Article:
Characterizing the cellular factors that play a role in the HIV replication cycle is fundamental to fully understanding mechanisms of viral replication and pathogenesis. Whole-genome small interfering RNA (siRNA) screens have identified positive and negative regulators of HIV replication, providing starting points for investigating new cellular factors. We report here that silencing of the deubiquitinase cylindromatosis protein (CYLD), increases HIV infection by enhancing HIV long terminal repeat (LTR)-driven transcription via the NF-κB pathway. CYLD is highly expressed in CD4+ T lymphocytes, monocyte-derived macrophages, and dendritic cells. We found that CYLD silencing increases HIV replication in T cell lines. We confirmed the positive role of CYLD silencing in HIV infection in primary human CD4+ T cells, in which CYLD protein was partially processed upon activation. Lastly, Jurkat T cells latently infected with HIV (JLat cells) were more responsive to phorbol 12-myristate 13-acetate (PMA) reactivation in the absence of CYLD, indicating that CYLD activity could play a role in HIV reactivation from latency. In summary, we show that CYLD acts as a potent negative regulator of HIV mRNA expression by specifically inhibiting NF-κB driven transcription. These findings suggest a function for this protein in modulating productive viral replication as well as in viral reactivation.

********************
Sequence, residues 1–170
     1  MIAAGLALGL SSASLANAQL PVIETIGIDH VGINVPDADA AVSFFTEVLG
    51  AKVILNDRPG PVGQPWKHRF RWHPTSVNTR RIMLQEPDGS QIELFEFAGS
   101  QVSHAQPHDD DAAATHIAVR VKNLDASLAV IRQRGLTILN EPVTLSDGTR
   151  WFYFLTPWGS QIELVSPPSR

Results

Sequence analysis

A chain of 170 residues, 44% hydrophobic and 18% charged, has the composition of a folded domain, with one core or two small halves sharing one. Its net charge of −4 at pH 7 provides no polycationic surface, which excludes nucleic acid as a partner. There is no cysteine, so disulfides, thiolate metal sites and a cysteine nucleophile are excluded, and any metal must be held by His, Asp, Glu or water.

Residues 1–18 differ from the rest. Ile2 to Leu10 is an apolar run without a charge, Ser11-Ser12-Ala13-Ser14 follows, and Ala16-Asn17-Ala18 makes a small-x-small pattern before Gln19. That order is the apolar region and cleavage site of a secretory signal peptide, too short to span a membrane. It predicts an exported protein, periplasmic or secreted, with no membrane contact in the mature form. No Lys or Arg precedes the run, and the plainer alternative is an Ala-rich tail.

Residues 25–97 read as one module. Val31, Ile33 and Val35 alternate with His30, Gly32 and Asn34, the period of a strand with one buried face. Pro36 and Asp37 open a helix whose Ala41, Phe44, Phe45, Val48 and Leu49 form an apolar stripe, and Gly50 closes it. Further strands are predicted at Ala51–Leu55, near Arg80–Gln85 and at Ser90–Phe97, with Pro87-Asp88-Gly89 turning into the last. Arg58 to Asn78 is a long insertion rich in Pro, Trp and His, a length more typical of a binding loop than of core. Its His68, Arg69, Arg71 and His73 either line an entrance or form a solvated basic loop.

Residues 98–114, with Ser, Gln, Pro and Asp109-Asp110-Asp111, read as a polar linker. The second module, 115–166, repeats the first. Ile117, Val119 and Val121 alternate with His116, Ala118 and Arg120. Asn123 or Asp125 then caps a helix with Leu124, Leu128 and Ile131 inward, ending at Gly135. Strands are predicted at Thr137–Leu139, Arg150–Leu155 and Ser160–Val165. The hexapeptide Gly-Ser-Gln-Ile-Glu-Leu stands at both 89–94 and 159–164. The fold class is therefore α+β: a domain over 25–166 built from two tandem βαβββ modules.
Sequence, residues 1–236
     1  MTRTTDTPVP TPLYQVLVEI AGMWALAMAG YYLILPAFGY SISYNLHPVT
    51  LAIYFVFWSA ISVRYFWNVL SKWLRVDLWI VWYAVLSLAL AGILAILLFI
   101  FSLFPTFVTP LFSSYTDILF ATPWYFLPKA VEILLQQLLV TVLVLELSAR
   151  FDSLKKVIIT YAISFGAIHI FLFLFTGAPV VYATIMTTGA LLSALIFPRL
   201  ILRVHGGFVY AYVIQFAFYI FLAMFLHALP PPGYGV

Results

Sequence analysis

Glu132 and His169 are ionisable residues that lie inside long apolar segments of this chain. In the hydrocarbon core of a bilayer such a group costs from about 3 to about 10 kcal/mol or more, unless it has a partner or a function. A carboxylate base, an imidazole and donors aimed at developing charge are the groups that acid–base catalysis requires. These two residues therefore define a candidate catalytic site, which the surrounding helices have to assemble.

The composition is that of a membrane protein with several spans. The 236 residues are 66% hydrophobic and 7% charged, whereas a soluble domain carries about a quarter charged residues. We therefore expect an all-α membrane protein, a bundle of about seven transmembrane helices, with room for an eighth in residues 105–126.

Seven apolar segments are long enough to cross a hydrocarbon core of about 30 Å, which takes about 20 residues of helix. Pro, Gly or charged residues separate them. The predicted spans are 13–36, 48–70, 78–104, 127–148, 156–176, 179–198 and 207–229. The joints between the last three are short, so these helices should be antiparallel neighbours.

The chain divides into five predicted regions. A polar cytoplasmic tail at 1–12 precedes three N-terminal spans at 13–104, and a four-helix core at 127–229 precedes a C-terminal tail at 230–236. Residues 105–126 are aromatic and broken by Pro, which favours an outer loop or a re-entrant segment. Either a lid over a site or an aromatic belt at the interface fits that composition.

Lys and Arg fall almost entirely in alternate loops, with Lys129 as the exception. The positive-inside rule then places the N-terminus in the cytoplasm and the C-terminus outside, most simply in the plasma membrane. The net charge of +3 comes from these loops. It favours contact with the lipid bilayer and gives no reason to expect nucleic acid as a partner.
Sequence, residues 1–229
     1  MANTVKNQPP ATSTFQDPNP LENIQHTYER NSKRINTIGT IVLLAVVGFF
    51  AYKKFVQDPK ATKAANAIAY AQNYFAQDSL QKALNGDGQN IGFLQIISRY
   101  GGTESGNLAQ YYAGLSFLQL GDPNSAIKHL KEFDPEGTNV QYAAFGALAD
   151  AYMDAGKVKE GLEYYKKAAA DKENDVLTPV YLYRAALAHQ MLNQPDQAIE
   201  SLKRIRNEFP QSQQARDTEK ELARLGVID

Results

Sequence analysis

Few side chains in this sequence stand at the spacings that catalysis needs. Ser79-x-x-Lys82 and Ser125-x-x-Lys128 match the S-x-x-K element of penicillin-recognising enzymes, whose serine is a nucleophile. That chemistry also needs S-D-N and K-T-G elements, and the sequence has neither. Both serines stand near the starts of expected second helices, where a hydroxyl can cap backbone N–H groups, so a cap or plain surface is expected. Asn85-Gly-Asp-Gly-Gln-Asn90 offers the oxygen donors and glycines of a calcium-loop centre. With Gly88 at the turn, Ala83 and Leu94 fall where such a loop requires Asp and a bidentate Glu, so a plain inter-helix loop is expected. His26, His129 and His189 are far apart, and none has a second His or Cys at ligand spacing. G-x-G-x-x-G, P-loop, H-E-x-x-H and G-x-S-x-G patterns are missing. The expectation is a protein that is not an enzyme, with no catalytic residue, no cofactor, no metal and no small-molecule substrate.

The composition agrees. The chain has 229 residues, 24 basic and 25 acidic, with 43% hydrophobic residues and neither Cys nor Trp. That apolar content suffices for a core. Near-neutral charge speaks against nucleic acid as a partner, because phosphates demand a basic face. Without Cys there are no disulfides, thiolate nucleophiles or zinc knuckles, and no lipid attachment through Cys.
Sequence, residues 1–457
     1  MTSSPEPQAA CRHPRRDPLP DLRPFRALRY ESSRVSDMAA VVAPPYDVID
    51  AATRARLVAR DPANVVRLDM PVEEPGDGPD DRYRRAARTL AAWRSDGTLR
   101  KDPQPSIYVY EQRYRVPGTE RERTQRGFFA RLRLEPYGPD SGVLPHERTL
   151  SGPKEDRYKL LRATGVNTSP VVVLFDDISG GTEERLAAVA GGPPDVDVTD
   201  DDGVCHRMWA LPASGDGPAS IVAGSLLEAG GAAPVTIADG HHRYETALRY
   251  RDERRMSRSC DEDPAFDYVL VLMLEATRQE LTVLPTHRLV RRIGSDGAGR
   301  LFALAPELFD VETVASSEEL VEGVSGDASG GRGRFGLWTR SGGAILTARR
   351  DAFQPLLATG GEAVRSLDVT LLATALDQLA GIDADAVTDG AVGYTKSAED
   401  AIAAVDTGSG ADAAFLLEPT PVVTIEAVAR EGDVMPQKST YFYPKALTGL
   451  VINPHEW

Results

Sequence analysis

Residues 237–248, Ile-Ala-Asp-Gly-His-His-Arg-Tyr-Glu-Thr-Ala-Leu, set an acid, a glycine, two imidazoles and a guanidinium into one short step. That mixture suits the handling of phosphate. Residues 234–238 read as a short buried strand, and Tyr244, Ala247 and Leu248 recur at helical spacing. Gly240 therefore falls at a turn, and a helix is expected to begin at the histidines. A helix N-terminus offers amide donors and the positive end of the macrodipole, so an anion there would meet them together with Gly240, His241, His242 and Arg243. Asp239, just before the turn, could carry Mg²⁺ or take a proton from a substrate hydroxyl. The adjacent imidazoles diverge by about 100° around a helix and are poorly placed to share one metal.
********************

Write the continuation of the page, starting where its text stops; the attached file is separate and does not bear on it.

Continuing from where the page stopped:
ASJC Scopus subject areas
- Insect Science